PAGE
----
College Park’s mayor pro tem position could see changes in the near future after city council members discussed potentially expanding the role during a meeting Tuesday.
The current mayor pro tem is District 4 council member Denise Mitchell, who was appointed to her role by former Mayor Patrick Wojahn, and will serve until the new mayor is elected in November. Mitchell assumed leadership after Wojahn was arrested in March. She now serves under Mayor Fazlul Kabir.
“The elephant in the room is the fact that we had a mayor who was forced to resign suddenly,” District 3 council member John Rigg said. “We were very fortunate in that we had a mayor pro tem who could step in and fill those shoes.”
Rigg, who initiated the discussion Tuesday, said he thinks the mayor pro tem should have increased legal power in the city’s charter to lighten the mayor’s load. He also proposed delegating more ceremonial duties and council meeting duties — such as drawing up agendas and chairing subcommittee meetings — to the mayor pro tem.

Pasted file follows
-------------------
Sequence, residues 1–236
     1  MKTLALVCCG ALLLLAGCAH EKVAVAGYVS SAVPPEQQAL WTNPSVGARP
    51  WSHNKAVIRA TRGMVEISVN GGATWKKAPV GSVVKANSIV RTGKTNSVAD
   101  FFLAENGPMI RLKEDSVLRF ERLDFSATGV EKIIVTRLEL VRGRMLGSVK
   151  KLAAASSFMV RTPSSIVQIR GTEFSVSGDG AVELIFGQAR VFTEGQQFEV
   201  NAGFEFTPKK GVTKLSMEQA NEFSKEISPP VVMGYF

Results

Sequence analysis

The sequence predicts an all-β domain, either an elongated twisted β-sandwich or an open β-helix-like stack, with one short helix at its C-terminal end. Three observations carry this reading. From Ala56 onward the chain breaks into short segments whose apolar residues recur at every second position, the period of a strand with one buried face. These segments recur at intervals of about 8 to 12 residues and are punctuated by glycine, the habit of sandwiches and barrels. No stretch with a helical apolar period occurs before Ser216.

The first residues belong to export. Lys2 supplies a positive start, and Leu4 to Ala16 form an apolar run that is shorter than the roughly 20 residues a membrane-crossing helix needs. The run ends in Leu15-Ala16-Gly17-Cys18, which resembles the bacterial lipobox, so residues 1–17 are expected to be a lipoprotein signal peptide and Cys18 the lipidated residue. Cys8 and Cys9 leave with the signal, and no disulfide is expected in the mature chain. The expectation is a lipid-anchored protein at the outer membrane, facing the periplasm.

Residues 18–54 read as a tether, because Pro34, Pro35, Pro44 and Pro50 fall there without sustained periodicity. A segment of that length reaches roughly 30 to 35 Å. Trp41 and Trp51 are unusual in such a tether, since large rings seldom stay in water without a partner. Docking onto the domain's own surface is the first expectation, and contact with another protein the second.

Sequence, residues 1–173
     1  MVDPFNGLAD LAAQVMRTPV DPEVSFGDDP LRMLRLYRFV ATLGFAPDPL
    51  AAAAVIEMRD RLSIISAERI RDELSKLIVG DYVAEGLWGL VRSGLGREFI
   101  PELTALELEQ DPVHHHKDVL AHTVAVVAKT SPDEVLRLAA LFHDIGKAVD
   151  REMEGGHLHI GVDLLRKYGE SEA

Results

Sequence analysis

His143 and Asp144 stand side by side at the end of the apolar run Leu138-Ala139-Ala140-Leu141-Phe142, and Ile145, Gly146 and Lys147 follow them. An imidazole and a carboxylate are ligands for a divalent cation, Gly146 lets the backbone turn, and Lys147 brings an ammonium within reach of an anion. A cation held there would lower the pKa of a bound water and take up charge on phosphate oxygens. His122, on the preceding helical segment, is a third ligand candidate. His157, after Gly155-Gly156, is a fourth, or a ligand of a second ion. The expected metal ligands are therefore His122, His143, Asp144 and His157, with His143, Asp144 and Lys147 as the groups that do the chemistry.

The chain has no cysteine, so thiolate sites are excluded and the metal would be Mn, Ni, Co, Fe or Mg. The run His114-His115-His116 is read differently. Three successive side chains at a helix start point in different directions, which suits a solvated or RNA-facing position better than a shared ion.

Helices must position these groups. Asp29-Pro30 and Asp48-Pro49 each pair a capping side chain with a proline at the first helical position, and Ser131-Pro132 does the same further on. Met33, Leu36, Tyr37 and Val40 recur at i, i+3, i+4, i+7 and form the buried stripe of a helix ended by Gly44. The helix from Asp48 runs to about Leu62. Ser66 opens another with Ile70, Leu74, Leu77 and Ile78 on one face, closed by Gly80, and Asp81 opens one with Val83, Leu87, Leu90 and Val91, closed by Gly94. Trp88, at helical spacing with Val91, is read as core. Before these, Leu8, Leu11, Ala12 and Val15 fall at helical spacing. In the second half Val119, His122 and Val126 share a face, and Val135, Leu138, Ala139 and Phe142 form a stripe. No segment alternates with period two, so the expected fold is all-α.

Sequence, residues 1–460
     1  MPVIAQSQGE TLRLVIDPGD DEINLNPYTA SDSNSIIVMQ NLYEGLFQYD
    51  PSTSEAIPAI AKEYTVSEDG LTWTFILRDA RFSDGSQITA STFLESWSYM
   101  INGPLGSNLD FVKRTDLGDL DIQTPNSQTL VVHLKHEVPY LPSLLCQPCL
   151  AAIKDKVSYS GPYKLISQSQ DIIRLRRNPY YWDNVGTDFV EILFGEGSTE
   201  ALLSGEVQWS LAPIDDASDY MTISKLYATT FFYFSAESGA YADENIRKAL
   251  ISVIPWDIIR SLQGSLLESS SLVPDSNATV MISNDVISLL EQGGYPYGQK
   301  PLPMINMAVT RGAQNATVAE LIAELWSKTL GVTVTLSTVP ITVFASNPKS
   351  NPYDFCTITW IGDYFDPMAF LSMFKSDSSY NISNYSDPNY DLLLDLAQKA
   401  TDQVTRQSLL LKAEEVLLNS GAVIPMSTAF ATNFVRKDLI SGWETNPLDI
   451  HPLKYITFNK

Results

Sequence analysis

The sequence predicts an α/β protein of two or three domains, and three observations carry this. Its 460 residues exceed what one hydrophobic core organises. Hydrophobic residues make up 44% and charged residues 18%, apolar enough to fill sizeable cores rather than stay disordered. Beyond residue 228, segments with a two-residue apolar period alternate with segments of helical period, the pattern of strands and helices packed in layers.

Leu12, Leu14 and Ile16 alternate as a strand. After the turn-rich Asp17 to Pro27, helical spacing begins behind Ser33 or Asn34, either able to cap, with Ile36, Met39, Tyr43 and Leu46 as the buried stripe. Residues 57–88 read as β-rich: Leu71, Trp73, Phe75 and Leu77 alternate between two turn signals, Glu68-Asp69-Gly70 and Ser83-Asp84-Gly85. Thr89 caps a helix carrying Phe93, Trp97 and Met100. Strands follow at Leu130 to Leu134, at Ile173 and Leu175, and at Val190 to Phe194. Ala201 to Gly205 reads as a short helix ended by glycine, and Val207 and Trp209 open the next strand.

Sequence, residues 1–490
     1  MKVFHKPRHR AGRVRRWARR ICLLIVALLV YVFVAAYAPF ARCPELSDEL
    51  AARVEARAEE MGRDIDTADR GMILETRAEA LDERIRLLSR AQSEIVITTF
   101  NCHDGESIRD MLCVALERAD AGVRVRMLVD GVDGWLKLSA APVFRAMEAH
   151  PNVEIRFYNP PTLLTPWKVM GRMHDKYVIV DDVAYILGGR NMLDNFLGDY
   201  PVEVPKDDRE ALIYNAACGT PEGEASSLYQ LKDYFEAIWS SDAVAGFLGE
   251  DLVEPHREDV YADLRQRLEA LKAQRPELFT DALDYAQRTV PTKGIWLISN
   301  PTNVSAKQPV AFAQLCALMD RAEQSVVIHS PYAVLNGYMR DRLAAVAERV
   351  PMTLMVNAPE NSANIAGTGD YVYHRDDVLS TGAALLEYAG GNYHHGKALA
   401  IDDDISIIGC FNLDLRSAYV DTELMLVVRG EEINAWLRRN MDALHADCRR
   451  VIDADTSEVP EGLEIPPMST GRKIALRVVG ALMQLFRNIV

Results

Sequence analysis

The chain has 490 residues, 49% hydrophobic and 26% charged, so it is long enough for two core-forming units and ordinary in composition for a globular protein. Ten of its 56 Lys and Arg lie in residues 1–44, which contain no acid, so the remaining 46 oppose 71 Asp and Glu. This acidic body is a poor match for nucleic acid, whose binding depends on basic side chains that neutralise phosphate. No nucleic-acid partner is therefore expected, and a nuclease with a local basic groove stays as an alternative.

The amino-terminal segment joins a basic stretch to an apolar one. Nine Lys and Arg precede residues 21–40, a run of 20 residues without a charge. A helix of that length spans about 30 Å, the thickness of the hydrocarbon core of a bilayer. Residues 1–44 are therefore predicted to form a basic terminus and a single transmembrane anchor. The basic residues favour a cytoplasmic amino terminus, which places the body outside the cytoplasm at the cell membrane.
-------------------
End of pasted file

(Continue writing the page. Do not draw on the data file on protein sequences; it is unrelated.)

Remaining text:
College Park has “asked too much of our mayor for a very long time,” Rigg said.
Mitchell said she supports adding additional responsibilities for her current position and called them a “protocol for success.”
Under the current system, Mitchell said, red tape prevents the mayor pro tem from taking care of city affairs in the absence of the mayor. This is especially an issue given the city’s growth, she added.
“As the mayor pro tem, I could not do anything,” said Mitchell.
District 1 council member Alan Hew expressed that he felt the council should be especially careful when adjusting the responsibilities of the mayor pro tem in the city charter to avoid stripping power from the mayor.
But District 3 council member Stuart Adams supported the changes, saying a change in the mayor pro tem role would not strip mayoral power.
“I think this is just sharing executive duties amongst multiple people in a coordinated fashion that aligns with what the mission of the city is,” Adams said.
According to city clerk Janeen Miller, the changes would have to be enacted in both the city charter and council rules. The council will likely opt to vote on the proposed changes after new members are sworn in after November’s election, she said.
If the city moves forward with the potential changes, the council will hold a public hearing.